Recovery Position

Video 44 of 49
3 min 47 sec
English, Español
English, Español

In this lesson, you'll learn how to safely use the recovery position, for those times when you encounter a patient who is breathing but unconscious.

The recovery position is used in the following scenario:

  • The patient is unresponsive
  • The patient is breathing normally
  • The patient has good skin color, good circulation
  • It's not an immediate CPR situation

How to Put a Patient into the Recovery Position

As always, the first thing you want to do is make sure the scene is safe and that your gloves are on. Make sure you have your rescue mask with a one-way valve handy and introduce yourself to the victim.

In this situation the patient is unresponsive to your taps and shouts, which elicits an immediate 911 call and finding and/or preparing an AED for use, as you begin to assess the scene for clues of what happened.

The patient could have ended up unconscious for a number of reasons:

  • Passed out or fainted
  • Suffering from low blood sugar
  • Seizure
  • Electrocution

Warning: If you suspect electrocution, take extra measures to make sure the scene is safe. Is the power source still active? Is it still touching the patient?

To help keep the patient's airway open and clear, put them into the recovery position using the following steps:

Warning: Only use the recovery position if you don't suspect fractures, or serious neck and back injuries.

  1. Elevate the arm closest to you and bring it up over the patient's head before placing it on the ground.
  2. Bring the patient's furthest leg over their other leg so that their legs are crossed.
  3. Grab the wrist of the furthest arm and the hip together, while placing your other hand under the head and neck and roll the patient toward you and onto their side.
  4. Support the head while you place the patient's outstretched arm under their own head and with the chin pointing down, allowing gravity to help clear the airway.
  5. Bend the patient's top leg to a 90-degree angle at the knee, essentially creating a kickstand to help protect the patient from rolling over.

Pro Tip #1: The purpose of the recovery position is to expel any foods or liquids that come up. What comes up needs to come out. If it doesn't, it could find its way into the patient's lungs.

The recovery position is also a great way for the patient to lay safely while waiting for EMS. Using the patient's leg as a kickstand allows his or her body to use gravity without the threat of them rolling completely over.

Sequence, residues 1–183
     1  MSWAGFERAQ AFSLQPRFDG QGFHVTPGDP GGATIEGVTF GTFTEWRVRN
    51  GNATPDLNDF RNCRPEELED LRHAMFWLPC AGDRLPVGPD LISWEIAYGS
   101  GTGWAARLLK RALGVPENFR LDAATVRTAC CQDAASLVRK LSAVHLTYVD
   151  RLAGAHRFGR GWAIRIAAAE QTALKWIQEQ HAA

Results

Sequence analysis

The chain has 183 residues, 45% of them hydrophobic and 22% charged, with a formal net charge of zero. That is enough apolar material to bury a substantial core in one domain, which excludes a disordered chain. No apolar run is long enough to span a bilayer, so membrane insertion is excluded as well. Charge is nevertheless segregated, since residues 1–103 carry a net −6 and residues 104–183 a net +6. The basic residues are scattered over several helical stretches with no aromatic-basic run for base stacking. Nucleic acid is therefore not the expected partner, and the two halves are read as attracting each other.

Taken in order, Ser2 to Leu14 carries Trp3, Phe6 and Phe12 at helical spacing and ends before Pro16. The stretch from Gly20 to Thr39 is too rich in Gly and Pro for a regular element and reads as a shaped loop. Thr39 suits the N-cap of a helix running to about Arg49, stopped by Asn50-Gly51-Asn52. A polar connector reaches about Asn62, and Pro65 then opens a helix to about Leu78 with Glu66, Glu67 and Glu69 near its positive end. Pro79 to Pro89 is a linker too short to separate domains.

Pro Tip #2: You want gravity working with you as you wait for EMS to arrive. It's important to eliminate the risks of the patient choking or an obstructed airway. Having the patient facing downward will help negate those risks.

Warning: If the patient loses their pulse or stops breathing, immediately roll them onto their back and start CPR.

Continue to reassess the patient while you wait for EMS to respond, particularly for signs of shock, responsiveness, airway, breathing, and circulation. And treat accordingly should the situation change.

A Word About the Signs of Inadequate Breathing

Inadequate breathing requires careful monitoring. You may not notice all of the signs and symptoms at once, and some can be hard to spot. If you see any of them, be prepared to give assisted ventilation.

When the patient has to expend too much effort to breathe and their breathing has become inadequate, you'll notice the following signs:

  • Muscles between the ribs pull in when the patient breathes in. As the patient enhales, you may notice the muscles pulling inward between the ribs, above the collarbone, around the muscles of the neck and below the rib cage.
  • Pursed lips breathing. The patient exhales through pursed lips, like a whistling motion. This maneuver helps control the patient's breathing pattern.
  • Flaring out of the nostrils on inhalation can be a sign of inadequate breathing in children and infants.
  • Apparent signs of fatigue are also an indication of labored breathing.
  • Excessive use of abdominal muscles to breathe, as in when the patient is using the abdominal muscles to force air out of the lungs.
  • Sweating and anxiousness are also signs of severe respiratory distress.
  • A patient who is sitting upright and leaning forward with hands on knees could be doing so because they're struggling to breathe.

Abnormal breathing sounds are also a great sign of inadequate breathing. Listen for abnormal sounds such as wheezing or crackling. Wheezing or whistling sounds indicate restricted air flow and are common with conditions such as asthma, allergic reactions, and emphysema. If the patient has a fine cracking sound on inhalation, that may indicate fluid in the lungs.